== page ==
Udupi is organised and clean city for India, and here we find Airtel customer service center without any problems. But problems start later. Because they can’t help us there. More than one hour spent in the customer service center and without getting any closer to solution we leave.

At first they proposed that we go to Delhi, as that’s where we acquired our Indian mobile numbers. Ok, but Delhi is few thousand kilometers away… Isn’t there any better solution? Then this guy, working there, said, that we need to change our SIM cards. Because ours probably are broken. Does it really happen like that? 3 SIM cards just stop working at the same time? This is when I started to become suspicious, aren’t he just trying to get us away? Because I have worked for big telecommunication company, and I know how SIM cards are being activated, deactivated and how often there are this kind of problems.

After few more requests to simply check our numbers on their system, to understand, aren’t they deactivated – magic happens. Customer service representative of Airtel takes his phone and calls to Delhi office. Only it doesn’t help us either. I’m given the phone and after telling our story to several people (as everyone is just listening and afterwards forwarding me) I finally reach someone, who isn’t forwarding me to anyone.

What he proposes? He will call me next day. Yeah, good solution! Call me to my deactivated number! Can you email me, instead? Because my Indian mobile number isn’t working. No.


We use their free internet, on their computer, to reach out to Airtel on Twitter.

There is no WiFi. As there was not WiFi almost anywhere back then. Cycling for more than 5000 kilometers we had WiFi only once, in some random small hotel.

We leave and decide to look for help in next city, Mangalore. It’s much bigger. And we hope it means something good in terms of customer service as well.

Getting Back Our Indian Mobile Numbers

January 16, Thursday.

At 11 AM we reach Mangalore. Without internet and TripAdvisor it’s not that easy, but we are lucky and shortly after our arrival to the city, we find decent budget hotel in central part of the city. It’s a big hotel, surrounded by many more hotels. Nearby there is a big grocery store, shopping mall with cinema is in 5-minute walk, and down stairs we have internet café. Perfect!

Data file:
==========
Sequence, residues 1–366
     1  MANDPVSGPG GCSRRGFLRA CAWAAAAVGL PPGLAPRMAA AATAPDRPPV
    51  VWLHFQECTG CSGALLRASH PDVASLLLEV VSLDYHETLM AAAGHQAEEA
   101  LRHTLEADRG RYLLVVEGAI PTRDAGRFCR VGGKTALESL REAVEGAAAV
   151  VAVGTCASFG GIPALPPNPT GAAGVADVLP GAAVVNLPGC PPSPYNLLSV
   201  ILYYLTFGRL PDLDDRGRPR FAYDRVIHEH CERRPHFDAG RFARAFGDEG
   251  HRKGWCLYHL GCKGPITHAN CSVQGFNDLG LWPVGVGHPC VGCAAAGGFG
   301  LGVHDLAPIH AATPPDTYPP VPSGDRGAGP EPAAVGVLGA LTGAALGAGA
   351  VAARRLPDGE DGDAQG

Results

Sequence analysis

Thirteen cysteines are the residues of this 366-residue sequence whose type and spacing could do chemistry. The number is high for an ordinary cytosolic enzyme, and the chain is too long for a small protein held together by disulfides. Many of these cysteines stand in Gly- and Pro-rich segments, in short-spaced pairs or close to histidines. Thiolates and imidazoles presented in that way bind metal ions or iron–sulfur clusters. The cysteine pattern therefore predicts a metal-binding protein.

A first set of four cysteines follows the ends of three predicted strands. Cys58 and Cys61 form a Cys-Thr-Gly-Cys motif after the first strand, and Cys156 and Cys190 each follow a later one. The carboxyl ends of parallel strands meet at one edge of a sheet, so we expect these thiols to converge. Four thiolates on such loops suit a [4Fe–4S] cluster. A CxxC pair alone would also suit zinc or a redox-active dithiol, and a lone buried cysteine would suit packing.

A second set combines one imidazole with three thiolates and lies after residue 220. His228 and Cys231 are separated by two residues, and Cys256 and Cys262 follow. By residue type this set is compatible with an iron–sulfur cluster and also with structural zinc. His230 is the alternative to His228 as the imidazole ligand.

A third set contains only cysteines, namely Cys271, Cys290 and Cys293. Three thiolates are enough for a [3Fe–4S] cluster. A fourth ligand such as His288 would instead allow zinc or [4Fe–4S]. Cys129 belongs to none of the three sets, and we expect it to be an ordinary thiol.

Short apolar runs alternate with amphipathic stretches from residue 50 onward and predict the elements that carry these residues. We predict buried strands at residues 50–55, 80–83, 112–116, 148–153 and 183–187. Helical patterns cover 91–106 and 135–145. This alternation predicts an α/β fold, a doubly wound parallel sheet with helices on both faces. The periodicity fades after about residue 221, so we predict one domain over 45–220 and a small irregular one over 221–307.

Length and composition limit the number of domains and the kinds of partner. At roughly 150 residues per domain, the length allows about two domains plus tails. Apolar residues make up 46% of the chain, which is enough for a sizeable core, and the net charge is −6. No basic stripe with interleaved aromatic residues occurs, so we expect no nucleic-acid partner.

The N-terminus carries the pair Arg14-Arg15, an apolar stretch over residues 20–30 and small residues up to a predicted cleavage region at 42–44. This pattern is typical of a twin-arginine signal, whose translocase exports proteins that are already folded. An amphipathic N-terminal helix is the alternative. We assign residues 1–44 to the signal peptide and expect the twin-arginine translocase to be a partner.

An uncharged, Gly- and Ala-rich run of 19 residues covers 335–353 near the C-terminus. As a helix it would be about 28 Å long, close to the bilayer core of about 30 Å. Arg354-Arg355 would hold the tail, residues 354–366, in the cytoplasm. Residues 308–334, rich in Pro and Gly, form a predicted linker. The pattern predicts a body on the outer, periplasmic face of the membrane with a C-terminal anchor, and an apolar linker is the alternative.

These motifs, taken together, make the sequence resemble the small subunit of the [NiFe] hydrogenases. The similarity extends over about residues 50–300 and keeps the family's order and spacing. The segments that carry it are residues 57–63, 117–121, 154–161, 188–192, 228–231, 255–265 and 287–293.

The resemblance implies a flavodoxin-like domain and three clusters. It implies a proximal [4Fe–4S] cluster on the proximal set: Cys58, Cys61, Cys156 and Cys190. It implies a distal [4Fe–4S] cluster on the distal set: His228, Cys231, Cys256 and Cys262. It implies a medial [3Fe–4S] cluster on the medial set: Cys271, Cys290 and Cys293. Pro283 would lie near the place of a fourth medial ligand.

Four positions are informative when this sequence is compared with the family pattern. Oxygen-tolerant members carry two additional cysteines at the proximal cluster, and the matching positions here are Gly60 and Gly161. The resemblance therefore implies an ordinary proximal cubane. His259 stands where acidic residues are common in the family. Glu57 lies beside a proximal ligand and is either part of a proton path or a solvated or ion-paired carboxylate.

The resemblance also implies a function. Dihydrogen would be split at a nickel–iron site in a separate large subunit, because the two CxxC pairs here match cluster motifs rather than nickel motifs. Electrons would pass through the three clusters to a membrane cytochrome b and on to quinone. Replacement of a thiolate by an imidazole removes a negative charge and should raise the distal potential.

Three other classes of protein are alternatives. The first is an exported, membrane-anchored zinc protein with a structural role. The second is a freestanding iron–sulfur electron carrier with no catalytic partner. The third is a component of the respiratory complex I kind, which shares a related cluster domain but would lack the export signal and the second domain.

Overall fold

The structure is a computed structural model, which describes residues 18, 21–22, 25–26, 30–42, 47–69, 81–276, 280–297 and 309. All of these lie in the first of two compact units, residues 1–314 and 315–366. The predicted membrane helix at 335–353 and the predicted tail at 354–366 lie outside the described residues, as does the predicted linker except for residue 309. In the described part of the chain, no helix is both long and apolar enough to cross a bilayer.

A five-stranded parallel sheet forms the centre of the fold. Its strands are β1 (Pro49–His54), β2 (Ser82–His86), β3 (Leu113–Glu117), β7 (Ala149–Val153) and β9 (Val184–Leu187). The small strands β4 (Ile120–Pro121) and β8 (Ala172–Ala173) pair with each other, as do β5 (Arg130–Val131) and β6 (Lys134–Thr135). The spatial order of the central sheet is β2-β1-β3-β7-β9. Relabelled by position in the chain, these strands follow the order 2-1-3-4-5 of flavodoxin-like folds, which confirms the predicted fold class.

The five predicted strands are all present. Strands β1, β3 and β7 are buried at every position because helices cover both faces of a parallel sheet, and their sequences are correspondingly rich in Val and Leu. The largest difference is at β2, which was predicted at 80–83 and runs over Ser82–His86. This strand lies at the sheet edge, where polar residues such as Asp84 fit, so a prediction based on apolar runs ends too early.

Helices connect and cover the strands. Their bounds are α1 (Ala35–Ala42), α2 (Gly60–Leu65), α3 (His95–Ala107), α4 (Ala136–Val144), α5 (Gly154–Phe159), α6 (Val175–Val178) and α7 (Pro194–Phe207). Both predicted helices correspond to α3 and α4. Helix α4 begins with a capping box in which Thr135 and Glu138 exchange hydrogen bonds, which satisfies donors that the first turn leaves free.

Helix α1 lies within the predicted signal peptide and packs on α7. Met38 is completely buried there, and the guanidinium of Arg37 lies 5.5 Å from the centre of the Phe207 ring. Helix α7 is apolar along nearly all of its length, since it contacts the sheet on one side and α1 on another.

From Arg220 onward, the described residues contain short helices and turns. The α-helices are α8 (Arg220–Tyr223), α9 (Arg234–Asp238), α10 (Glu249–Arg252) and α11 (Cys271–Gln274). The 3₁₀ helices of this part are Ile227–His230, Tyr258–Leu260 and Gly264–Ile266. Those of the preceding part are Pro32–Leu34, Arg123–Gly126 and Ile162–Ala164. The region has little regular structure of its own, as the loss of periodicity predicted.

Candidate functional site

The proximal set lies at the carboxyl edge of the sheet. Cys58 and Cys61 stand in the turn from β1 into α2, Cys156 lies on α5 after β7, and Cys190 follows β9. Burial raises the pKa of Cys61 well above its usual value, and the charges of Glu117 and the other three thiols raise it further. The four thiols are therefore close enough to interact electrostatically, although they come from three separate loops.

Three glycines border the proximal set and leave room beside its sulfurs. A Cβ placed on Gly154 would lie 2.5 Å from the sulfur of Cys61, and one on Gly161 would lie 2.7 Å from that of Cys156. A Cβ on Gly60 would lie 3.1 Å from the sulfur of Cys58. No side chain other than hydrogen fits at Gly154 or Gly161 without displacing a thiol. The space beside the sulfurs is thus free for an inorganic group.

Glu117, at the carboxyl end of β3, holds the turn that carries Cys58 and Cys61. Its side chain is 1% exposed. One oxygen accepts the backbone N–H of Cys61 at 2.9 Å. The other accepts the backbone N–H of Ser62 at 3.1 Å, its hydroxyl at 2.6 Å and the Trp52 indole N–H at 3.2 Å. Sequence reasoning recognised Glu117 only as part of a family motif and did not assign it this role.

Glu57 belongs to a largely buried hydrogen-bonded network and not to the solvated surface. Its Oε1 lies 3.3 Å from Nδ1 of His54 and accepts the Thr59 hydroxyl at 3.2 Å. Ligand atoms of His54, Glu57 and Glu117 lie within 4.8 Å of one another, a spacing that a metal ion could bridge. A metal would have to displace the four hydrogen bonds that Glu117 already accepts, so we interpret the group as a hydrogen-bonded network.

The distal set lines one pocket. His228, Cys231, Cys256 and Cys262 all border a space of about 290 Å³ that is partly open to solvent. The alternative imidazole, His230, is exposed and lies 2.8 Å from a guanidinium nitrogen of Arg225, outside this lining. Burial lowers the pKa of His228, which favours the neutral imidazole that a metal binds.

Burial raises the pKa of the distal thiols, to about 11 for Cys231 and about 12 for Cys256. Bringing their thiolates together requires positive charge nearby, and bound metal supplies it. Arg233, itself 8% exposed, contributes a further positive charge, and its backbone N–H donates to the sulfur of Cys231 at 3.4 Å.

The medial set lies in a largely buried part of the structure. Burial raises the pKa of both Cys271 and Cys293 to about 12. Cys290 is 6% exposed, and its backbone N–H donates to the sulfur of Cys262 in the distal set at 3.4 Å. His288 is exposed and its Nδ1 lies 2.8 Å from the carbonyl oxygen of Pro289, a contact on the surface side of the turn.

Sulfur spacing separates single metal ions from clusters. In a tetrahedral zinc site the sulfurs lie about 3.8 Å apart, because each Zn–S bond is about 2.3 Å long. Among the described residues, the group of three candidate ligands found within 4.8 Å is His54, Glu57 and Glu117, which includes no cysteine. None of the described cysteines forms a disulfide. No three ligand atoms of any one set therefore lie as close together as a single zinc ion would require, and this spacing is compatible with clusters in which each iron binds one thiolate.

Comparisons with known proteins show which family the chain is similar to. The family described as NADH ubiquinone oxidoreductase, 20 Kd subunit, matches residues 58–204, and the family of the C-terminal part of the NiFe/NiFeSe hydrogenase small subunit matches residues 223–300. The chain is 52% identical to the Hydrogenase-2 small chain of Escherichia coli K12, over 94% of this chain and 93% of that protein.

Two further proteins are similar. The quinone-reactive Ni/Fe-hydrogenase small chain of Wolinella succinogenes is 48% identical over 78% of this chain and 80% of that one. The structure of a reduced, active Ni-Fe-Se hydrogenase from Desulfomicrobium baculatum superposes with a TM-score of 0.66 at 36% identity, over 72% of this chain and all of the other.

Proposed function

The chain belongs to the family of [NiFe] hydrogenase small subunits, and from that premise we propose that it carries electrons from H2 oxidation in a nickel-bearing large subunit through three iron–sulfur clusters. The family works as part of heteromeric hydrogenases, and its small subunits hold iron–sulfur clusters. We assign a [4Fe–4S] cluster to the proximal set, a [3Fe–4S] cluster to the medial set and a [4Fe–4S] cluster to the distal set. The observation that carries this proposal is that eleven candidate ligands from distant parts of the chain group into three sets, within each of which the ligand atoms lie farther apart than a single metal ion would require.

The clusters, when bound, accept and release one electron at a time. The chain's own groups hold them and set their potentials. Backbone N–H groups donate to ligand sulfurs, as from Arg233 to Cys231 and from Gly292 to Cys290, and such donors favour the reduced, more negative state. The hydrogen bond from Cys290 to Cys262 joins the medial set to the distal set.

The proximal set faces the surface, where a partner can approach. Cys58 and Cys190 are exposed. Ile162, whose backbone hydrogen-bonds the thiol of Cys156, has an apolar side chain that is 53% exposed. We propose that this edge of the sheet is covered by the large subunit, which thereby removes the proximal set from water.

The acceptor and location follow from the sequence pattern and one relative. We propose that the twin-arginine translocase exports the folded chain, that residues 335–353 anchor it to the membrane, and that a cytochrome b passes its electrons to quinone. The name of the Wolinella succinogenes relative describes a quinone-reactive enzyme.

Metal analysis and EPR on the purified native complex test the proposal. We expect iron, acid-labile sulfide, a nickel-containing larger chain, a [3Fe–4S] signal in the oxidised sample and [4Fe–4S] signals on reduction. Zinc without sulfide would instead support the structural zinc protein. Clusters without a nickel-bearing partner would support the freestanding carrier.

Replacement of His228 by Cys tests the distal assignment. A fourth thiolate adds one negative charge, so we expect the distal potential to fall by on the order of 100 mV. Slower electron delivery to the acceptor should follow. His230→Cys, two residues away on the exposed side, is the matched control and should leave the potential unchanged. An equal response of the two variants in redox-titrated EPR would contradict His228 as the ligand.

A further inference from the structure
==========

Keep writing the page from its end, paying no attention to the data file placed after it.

We take a room for 2 days. Because we need to solve the problem with our Indian mobile numbers. And we want to get hepatitis A+B vaccine (3rd shot), too.

Later in the evening we try out KFC for the first time. On Twitter I send all the information Airtel is asking. And we go to watch a movie – Grudge Match.

going to internet cafe in Mangalore India

Going to internet cafe in Mangalore, India

January 17, Friday.

In the morning we watch another movie. Recently released, The Wolf of Wall Street, it is.

It’s 3 PM, no any news from Airtel today, and we go to look for some bicycle shop. We want to buy new bike stand for one of our bicycles, because old one broke. We get one. And on our way back we go into one hospital on the same street, to ask if we can get hepatitis A+B vaccine here.

What doctor suggests surprises us a lot. Go to some pharmacy, buy vaccine you need, come back and we will do the rest. So this is how you are doing it in India… OK.

Turned out, that’s how they do it in India. Later on the same day we bought vaccines from the biggest pharmacy in Mangalore, one of the best pharmacies we have seen in our lives, and received them at the same hospital.

In the evening there is an answer from Airtel on Twitter. Your numbers are blocked, because your visas have expired. Wait, what? Standard Indian tourist visa is for 6 months.

I send pictures of our visas. I ask them to get in touch with Airtel office in Delhi, because there they photocopied our visas. It doesn’t help. Customer service representative of Airtel on Twitter proposes, that we go to Delhi ourselves. Really?